Pierre-Laurent Aimard challenges his audience

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Ricordanza
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Pierre-Laurent Aimard challenges his audience

Post by Ricordanza » Thu Mar 15, 2018 8:16 pm

Having attended pianist Pierre-Laurent Aimard’s recitals in 2010 and 2012, I knew that his recital on Tuesday, March 13, would not be an evening of comfortable entertainment. First, as an ardent advocate of contemporary or modernist music, I knew that at least some of his program would be challenging to the ear. Even when he plays more familiar repertory, his individual approach poses a challenge to the audience’s expectations.
Here was his program for the evening:

Obukhov: Création d'or
Obukhov: Révelation
Liszt: Nuages gris
Liszt: Les jeux d’eaux à la Villa d’Este
Messiaen: Le Courlis Cendré, from Catalogue d'oiseaux
Scriabin: Piano Sonata No. 5, Op. 53
Beethoven: Piano Sonata in B-flat Major, Op. 106, Hammerklavier

The music of Nikolai Obukhov (1892-1954) cannot be called “contemporary,” but the selections offered by Aimard, composed in 1915 and 1916, could easily be mistaken for compositions from 2015 and 2016. Clearly, he was ahead of his time. But after hearing the music of this obscure Russian mystic for the first time, the monotony and lack of emotional content left me cold. I could only conclude that this composer’s obscurity is well-deserved.

Franz Liszt’s Nuages gris (Gray Clouds) is another work that is ahead of its time. This 1881 piece is one of Liszt’s experiments with atonality, and deserves a place on a program. Les jeux d’eaux à la Villa d’Este (The Fountain of the Villa d’Este) is more conventional in its harmonic structure, but previews the “impressionistic” music of Debussy and Ravel. The intent of this piece is to depict, through music, the spectacle of water shooting through the air, and the sunlight dancing through those jets of water. Aimard delivered an engaging rendition of this virtuosic showpiece, maintaining the tremendous sweep and flow of this work while managing, somehow, to articulate every note.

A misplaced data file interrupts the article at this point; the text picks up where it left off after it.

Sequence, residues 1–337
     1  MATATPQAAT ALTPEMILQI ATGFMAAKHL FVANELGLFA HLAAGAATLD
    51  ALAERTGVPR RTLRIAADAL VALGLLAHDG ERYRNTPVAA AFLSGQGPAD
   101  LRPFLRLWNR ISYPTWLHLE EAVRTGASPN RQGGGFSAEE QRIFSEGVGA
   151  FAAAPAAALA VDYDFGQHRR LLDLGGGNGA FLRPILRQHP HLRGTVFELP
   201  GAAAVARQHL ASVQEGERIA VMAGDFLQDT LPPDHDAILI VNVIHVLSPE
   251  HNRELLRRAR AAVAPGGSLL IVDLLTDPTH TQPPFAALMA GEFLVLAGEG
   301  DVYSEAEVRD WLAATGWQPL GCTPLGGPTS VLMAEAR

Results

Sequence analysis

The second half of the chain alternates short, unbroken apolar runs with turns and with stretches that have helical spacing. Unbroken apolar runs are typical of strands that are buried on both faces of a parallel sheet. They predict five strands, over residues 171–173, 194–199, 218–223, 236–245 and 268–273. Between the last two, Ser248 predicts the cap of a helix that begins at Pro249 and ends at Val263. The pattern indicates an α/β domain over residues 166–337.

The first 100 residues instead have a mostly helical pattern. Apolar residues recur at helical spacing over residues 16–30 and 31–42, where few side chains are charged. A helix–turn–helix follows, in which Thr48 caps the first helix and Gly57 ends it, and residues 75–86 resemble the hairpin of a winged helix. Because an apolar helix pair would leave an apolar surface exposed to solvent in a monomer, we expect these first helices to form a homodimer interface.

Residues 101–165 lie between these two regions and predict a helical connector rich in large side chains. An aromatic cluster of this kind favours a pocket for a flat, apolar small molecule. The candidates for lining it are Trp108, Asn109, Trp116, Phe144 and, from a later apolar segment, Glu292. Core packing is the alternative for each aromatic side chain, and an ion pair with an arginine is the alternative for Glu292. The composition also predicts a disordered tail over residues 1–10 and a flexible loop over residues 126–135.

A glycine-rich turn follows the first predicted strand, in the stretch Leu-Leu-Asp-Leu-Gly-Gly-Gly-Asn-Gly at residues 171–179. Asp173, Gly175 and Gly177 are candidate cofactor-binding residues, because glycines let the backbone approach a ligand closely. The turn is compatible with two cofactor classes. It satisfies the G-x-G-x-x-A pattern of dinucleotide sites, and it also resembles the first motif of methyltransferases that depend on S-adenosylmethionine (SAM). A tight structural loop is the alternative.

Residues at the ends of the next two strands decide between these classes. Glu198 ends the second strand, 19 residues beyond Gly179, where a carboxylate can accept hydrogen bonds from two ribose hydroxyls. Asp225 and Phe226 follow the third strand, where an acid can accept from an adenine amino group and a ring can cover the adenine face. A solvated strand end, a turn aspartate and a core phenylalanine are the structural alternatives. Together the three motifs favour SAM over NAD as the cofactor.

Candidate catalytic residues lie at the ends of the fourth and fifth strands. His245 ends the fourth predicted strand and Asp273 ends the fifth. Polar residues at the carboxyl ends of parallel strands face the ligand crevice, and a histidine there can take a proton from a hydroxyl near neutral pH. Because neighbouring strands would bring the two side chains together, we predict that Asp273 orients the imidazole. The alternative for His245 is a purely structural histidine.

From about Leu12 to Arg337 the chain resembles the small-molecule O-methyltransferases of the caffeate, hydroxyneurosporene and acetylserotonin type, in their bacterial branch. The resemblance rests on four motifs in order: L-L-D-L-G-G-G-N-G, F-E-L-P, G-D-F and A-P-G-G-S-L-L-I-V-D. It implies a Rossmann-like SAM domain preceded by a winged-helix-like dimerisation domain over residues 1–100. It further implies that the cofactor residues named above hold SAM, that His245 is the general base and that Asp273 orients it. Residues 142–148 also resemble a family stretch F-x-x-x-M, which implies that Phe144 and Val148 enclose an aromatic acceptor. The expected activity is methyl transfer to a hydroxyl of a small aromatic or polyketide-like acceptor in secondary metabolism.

Messiaen’s Catalogue d'oiseaux (Catalogue of Birds) is also a “pictorial” work in a sense, but the birds we meet are unlike the cute tweeters we hear in Beethoven’s “Pastoral” Symphony or the lovely songbird in Vaughn-Williams’ “The Lark Ascending.” Not here. Messiaen uses some startling chords and harsh dissonances to introduce us to some “angry birds.” This music is a challenge to the pianist as well as the listener, but Aimard’s performance made a persuasive case for the strange and unique soundscape of this composer.

Scriabin, like Obukhov, could also be described as a mystic, but there the resemblance ends. First, Scriabin’s music is unquestionably pianistic, that is, it is exceptionally well crafted to reveal the full resources of the piano. Some of Scriabin’s later works border on the bizarre, but the Fifth Sonata is a work of great imagination and emotional depth. Aimard’s performance of this one-movement sonata was mesmerizing.

Following intermission, Aimard performed the piece I was most anxious to hear, Beethoven’s monumental “Hammerklavier” Sonata. It is the longest of Beethoven’s 32 piano sonatas, and probably the most technically and musically challenging. The mighty fugue which closes the sonata is especially uncompromising—for the listener as well as the pianist. This piece demands a master pianist, and Aimard delivered a masterful performance.

A couple footnotes: First, Aimard performed all of the pieces with a score in front of him. Twenty or thirty years ago, this was unheard of at piano recitals (except, perhaps, for a new and complex work). But I don’t feel that it detracted in any way from the performance. Second, Aimard performed the entire first half without interruption. The intent, it seemed, was to present the music as a continuous arc. I’m not sure if that intent was fulfilled, but it was an interesting way to present the music, even though it represented a challenge to the audience’s span of attention.

diegobueno
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Re: Pierre-Laurent Aimard challenges his audience

Post by diegobueno » Fri Mar 16, 2018 3:30 pm

The Liszt Jeaux d'Eau and the Scriabin 5th Sonata are two of my favorite piano works, so there's the beginning of a good program right there. How'd he do on the Beethoven? That's a pianist killer.

Ricordanza
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Re: Pierre-Laurent Aimard challenges his audience

Post by Ricordanza » Sat Mar 17, 2018 6:21 am

diegobueno wrote:
Fri Mar 16, 2018 3:30 pm
How'd he do on the Beethoven? That's a pianist killer.
From the thorniest passages, to the serenity of the slow movement, to the grand statements, Aimard was in complete control.

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